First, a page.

Hidden Costs of Control Under Aligned Monetary Incentives

23 Pages Posted: 29 Jun 2015 Last revised: 16 Sep 2016

See all articles by Jason Anthony Aimone

Jason Anthony Aimone

Baylor University - Department of Economics

Luigi Butera

Copenhagen Business School

Date Written: September 1, 2016


Several experimental studies have demonstrated the importance of non-monetary preferences in determining agents' response to control and delegation when monetary incentives between agents and principals are not aligned, but little is known about how such preferences influence the principle agent relationship when monetary incentives are aligned. Using a novel principal-agent-investor game, in which control takes the form of limiting the agent's reciprocity towards an investor, we show that non-monetary preferences also generate hidden costs when principal and agent's monetary incentives are aligned. Further, we show that these costs are mitigated when control is exercised using impersonal rules (i.e. restrictions are imposed ex-ante towards all agents), as opposed to personal control (i.e. restrictions are imposed directly towards an individual). Despite the relative benefits of impersonal control mechanisms, we find that principals are less likely to restrict agents' behavior when rules are impersonal. Overall, our results speak to the benefits of impersonal hierarchical rules whenever some degree of control is necessary within a team or a firm.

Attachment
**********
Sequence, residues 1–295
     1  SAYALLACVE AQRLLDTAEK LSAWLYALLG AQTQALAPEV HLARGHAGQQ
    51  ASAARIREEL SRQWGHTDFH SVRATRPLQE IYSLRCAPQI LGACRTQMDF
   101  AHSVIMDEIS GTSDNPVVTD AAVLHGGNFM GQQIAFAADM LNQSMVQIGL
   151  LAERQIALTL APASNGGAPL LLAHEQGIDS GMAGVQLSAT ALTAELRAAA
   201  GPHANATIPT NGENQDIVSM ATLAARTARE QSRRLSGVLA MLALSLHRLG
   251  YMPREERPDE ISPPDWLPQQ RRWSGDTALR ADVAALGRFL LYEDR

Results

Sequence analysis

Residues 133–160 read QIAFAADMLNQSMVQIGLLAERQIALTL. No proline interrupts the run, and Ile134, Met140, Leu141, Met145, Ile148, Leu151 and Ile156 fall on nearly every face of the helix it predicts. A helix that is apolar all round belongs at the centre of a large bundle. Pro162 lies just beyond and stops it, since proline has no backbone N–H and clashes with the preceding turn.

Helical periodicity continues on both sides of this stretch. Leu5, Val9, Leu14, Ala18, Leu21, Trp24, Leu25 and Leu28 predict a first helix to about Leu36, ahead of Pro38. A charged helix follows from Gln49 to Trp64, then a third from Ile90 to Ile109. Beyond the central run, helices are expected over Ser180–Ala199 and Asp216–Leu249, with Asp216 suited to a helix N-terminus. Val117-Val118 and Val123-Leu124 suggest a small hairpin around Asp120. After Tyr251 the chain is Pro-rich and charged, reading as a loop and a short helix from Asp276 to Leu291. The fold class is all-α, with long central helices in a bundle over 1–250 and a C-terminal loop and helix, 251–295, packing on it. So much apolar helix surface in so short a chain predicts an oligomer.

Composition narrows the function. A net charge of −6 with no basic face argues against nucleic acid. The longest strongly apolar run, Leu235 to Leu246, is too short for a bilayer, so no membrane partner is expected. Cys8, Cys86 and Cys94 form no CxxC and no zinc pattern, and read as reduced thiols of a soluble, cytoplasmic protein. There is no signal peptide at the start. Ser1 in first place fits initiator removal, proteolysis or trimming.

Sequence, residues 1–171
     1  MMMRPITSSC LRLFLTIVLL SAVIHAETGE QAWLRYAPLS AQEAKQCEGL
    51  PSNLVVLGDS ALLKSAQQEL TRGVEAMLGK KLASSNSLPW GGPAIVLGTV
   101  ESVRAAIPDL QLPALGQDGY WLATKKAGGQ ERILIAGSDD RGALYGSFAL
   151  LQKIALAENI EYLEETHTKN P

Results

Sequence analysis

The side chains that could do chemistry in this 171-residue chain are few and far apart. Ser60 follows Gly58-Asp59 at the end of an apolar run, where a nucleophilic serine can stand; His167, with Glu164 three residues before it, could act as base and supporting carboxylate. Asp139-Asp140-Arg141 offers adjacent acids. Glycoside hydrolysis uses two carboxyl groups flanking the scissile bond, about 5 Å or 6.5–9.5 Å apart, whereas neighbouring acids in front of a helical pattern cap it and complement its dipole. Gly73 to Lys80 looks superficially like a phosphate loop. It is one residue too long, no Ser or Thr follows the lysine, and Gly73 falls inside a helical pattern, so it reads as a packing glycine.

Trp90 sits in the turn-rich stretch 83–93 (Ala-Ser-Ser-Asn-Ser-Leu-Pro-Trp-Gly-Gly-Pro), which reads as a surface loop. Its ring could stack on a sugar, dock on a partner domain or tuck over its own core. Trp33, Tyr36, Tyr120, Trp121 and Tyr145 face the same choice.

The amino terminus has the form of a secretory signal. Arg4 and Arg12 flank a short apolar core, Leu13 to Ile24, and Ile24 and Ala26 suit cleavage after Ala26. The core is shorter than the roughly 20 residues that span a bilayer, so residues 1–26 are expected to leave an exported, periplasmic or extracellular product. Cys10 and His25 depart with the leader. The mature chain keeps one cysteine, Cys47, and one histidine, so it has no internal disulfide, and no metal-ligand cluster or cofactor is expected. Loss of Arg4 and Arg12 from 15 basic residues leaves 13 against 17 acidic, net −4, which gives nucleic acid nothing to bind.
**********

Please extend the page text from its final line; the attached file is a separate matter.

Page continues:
Keywords: Authority, Delegation, Experiment, Principal-Agent, Reciprocity

JEL Classification: C91, D21, D82

Suggested Citation

Aimone, Jason Anthony and Butera, Luigi, Hidden Costs of Control Under Aligned Monetary Incentives (September 1, 2016). Available at SSRN: https://ssrn.com/abstract=2624085 or http://dx.doi.org/10.2139/ssrn.2624085

Jason Anthony Aimone (Contact Author)

Baylor University - Department of Economics ( email )

P.O. Box 98003
Waco, TX 76798-8003
United States

Luigi Butera

Copenhagen Business School ( email )


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